[Met Performance] CID:233070

Der Rosenkavalier
Metropolitan Opera House, Fri, March 16, 1973

Debut : Yvonne Minton, Michael McClain, Elvira Green, Cecil Baker, Richard Firmin

Der Rosenkavalier (229)
Richard Strauss | Hugo von Hofmannsthal
Yvonne Minton [Debut]

Princess von Werdenberg (Marschallin)
Leonie Rysanek

Baron Ochs
Walter Berry

Judith Blegen

Morley Meredith

Marcia Baldwin

Andrea Velis

Italian Singer
Franco Tagliavini

Carlotta Ordassy

Michael McClain [Debut]

Princess' Major-domo
Gabor Carelli

Mary Fercana

Joyce Olson

Elvira Green [Debut]

Elizabeth Anguish

Animal Vendor
Cecil Baker [Debut]

Harry Jones

Andrij Dobriansky

John Trehy

Richard Firmin [Debut]

Peter Sliker

Lou Marcella

Edward Ghazal

Faninal's Major-domo
Nico Castel

Charles Anthony

Police Commissioner
Richard Best

Christoph Von Dohnányi

Nathaniel Merrill

Robert O'Hearn

Der Rosenkavalier received seven performances this season.

Review 1:

Review of Ron Eyer in the Daily News

Minton Hit in Mixed-Up Role at Met

Making her debut with the company, Australian Yvonne Minton is the latest mezzo-soprano to tackle the bisexuality of Octavian in the Metropolitan Opera's "Der Rosenkavalier," and she scored a solid, if not spectacular, success in the boy-girl role. Octavian is not really bisexual at all, of course. In the baroque sophistication of poet von Hofmannsthal and composer Strauss, which seems naive amid today's frank complexities of sexuality, she is simply a girl who plays a boy who, in turn, plays a girl. But this can give no end of trouble to an opera singer. First of all, she must be able to sing the occasionally high-lying music of Octavian and fit in the surpassingly beautiful female trio and duet that end the opera. Then she must (sometimes) look and act like a young man. Other times she must look like a young man acting like a young girl. Quite an assignment.

Warm and Relaxed Voice

Miss Minton had no problems in the vocal department Friday night. Her voice is warm and relaxed and she had no trouble holding her own against Leonie Rysanek's Marschallin, Judith Blegen's Sophie or Walter Berry's Baron Ochs. She doesn't get much in the way of solos, but what she did have, as in the scene of the presentation of the silver rose, was most grateful to the ear. Her chiseled features gave her a good masculine appearance, though her military uniform didn't seem to fit too well. And thankfully, she didn't clown too much in trying make her boy characterization act like a girl in seducing old Baron Ochs.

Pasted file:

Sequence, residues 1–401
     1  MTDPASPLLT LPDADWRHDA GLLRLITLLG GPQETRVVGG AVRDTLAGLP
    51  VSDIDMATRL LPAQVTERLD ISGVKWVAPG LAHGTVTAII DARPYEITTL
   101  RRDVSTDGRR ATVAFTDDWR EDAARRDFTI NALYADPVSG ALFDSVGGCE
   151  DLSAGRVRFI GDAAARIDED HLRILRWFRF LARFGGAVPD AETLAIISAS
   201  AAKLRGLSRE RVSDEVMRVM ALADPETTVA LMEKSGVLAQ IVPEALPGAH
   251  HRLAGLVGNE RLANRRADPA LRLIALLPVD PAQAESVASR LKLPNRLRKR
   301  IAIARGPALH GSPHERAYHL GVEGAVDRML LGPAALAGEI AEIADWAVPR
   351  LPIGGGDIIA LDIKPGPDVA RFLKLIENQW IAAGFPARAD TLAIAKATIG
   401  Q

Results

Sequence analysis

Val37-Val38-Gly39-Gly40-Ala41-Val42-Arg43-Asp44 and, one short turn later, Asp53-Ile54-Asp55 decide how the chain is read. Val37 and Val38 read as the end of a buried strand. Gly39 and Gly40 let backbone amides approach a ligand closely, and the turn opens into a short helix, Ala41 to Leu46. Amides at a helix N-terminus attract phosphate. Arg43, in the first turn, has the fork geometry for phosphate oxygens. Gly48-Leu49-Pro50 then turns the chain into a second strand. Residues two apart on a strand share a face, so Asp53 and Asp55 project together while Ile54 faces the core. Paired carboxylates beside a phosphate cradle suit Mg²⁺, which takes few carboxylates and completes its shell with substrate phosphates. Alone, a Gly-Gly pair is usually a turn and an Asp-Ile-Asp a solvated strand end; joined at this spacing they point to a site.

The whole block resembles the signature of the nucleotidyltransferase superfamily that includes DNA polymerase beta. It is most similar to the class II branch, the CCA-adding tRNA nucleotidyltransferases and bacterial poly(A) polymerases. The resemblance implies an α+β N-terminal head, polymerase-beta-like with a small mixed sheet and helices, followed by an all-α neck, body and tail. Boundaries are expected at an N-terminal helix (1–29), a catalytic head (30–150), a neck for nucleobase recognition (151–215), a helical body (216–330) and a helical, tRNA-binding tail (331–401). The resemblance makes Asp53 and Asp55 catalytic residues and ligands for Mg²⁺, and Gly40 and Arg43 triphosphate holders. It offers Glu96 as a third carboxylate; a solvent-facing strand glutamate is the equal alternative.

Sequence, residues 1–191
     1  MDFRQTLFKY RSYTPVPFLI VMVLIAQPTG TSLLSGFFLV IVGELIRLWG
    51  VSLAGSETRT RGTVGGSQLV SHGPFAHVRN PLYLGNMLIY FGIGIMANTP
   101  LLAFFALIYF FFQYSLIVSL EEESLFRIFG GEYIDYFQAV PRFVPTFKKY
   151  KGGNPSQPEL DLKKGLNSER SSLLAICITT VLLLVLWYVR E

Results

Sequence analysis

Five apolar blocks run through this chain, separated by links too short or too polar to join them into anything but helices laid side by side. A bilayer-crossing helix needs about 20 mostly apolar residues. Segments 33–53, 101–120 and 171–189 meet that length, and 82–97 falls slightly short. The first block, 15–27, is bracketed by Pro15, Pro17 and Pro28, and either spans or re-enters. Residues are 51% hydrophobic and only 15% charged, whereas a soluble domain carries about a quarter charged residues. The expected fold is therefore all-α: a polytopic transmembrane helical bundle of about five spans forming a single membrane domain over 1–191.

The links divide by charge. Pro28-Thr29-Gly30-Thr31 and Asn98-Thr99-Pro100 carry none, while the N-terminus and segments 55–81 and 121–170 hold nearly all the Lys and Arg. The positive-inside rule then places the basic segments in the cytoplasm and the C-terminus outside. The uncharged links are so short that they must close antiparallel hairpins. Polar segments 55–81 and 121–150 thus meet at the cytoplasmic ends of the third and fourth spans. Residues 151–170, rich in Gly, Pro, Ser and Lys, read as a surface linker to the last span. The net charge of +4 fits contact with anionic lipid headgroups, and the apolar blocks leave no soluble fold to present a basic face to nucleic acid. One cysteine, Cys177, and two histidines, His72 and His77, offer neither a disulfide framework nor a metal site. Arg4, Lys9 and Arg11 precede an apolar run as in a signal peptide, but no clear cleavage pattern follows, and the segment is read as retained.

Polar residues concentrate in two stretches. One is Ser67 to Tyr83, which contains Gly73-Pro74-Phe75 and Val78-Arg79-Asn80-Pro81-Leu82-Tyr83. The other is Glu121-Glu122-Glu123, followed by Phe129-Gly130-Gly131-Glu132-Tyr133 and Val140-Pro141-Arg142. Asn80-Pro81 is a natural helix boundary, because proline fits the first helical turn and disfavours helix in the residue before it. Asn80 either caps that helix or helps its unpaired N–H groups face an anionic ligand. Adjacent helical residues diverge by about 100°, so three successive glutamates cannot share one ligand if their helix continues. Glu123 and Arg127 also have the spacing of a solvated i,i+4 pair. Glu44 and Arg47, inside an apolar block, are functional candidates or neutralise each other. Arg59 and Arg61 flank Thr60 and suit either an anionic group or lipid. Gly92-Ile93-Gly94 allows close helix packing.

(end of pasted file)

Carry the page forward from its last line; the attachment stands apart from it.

She was an ornament to a cast including others new to the Met production. Walter Berry was a youngish and very exuberant Baron Ochs who managed some of the bass tones of the part remarkably well for a baritone. Judith Blegen brought real vocal dimension and a pretty pout to the usually vacuous role of Sophie. And Franco Tagliavini did a good imitation of Caruso (intentionally, one hopes) as the Singer.

New, too, was Christoph von Dohnanyi at the conductor's desk. He savored every phrase, but his pace was so leisurely that the opera at times seemed to be in slow motion and he didn't get the curtain down until after midnight. Leonie Rysanek grows steadily in the resplendent part of the Marschallin. She is as beautiful to look at as to listen to, and she has added some deft bits of acting that make her bittersweet performance ever more poignant.

Photograph of Judith Blegen as Sophie in Der Rosenkavalier by Louis Mélançon/Metropolitan Opera.

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